PH officials ordered drug war killings – ICC prosecutor
MANILA, Philippines — The road toward an actual trial is still far ahead, but outgoing International Criminal Court (ICC) Prosecutor Fatou Bensouda’s request for a full investigation of the brutal conduct of President Duterte’s war on drugs holds clues as to who might possibly be charged with crimes against humanity: Duterte himself and former Philippine National Police chiefs Ronald dela Rosa and Oscar Albayalde.
In a scathing 57-page report released on Monday, her last day as ICC prosecutor, Bensouda said she had “reasonable basis to believe” that the crime against humanity of murder “was committed as part of a widespread and systematic attack directed against a civilian population pursuant to or in furtherance of a state policy.”
Specifically, the Office of the Prosecutor (OTP) cited the “plethora of public statements made by Mr. Duterte and other Philippine government officials encouraging, supporting and, in certain instances, urging the public to kill suspected drug users and dealers” as evidence of a state policy to attack civilians.
Bensouda noted, among others, Duterte’s “distinctive rhetoric” claiming criminals were legitimate targets for killing, and his repeated “shoot-to-kill” orders even when he was mayor of Davao City in 1988-1998, 2001-2010, and 2013-2016.
This pattern of extrajudicial killings (EJKs) observed in Davao during Duterte’s tenure mirrored that during the 2016-2019 war on drugs with him as president, prompting Bensouda to expand the scope of the probe to include Davao EJKs from Nov. 1, 2011, to 2016, or from when the Philippines first became a signatory to the Rome Statute.
Bensouda estimated that the number of drug suspects killed during the period July 1, 2016, to March 16, 2019, ranged from 12,000 to 30,000—much higher than the official 7,000.
Duterte himself is the main respondent of the case filed by the families of drug war victims at the ICC nearly three years ago.
But Bensouda also said the two former PNP chiefs were “responsible for ordering, directing and organizing the overall conduct of war on drugs operations in which a large part of the alleged crimes were committed.”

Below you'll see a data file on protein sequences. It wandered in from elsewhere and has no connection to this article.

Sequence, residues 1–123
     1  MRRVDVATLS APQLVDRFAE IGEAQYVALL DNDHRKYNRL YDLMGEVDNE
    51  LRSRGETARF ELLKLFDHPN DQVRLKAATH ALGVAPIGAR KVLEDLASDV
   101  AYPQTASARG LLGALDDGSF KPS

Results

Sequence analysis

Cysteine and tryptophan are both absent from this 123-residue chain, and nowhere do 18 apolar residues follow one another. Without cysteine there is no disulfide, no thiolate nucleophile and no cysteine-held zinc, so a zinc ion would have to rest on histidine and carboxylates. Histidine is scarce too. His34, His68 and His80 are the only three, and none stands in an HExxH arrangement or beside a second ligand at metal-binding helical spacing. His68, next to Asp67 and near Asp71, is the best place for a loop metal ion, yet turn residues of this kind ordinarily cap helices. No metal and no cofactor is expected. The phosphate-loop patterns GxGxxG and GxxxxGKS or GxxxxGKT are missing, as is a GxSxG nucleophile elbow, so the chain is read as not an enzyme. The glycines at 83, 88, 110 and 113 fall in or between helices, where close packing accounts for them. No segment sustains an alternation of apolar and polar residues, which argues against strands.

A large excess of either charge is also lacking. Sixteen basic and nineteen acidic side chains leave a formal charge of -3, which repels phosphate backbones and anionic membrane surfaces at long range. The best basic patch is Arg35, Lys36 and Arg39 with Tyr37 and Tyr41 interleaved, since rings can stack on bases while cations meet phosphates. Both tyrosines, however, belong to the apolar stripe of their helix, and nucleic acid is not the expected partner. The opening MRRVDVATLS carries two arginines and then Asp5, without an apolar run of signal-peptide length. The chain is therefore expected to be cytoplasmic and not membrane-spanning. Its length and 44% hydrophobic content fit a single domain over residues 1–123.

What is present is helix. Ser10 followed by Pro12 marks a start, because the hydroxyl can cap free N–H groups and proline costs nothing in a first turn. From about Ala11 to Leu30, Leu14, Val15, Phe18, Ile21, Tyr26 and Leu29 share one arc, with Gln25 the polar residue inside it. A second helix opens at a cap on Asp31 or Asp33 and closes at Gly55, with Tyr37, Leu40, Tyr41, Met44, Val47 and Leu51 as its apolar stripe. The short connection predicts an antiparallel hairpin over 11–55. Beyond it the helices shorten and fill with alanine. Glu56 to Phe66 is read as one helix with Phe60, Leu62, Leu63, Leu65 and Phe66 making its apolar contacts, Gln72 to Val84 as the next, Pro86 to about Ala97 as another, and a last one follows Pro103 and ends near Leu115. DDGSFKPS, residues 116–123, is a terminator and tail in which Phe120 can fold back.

Dela Rosa, who was the police chief of Davao when Duterte was mayor there, is widely seen as the architect of the “Oplan Tokhang” (knock-and-plead) campaign in which thousands of drug surrenderers were killed. Police claimed they had fought back (“nanlaban”) during operations or were shot dead by vigilantes.
Albayalde later succeeded Dela Rosa as PNP chief, during which he “confirmed his commitment to continuing the programs of the previous leadership,” Bensouda noted.
The Inquirer tried to reach Dela Rosa and Albayalde for comment, but there was no response as of press time.
Also mentioned by Bensouda were the provincial and city-level PNP directors, as well as the officials of the Philippine Drug Enforcement Agency, Armed Forces of the Philippines, and the Department of the Interior and Local Government. All had played active roles in implementing the drug war, the OTP said.
Long way to go
Of course, said lawyers Romel Bagares and Kristina Conti, the determination of criminal responsibility will start much later, if and when the ICC’s Pre-Trial Chamber (PTC) approves Bensouda’s request to start a preliminary investigation.
But Bensouda’s report should give those involved pause, especially the two ex-PNP chiefs, and especially because the ICC looks at individual responsibility to determine liability, Bagares said.
Echoed Carlos Conde, senior researcher at Human Rights Watch: “Although it’s not spelled out in the document, that seems like the implication … At the very least, the OTP was trying to draw a link between the police on the ground, then to the commanders, who report to Duterte.”
“I think it is not inconceivable to draw the conclusion that these officials are going to answer to the ICC, too,” Conde added.
For now, Bagares said, their alleged involvement in the drug war drives home the argument that the violence resulting from it was “really pursuant to state policy.”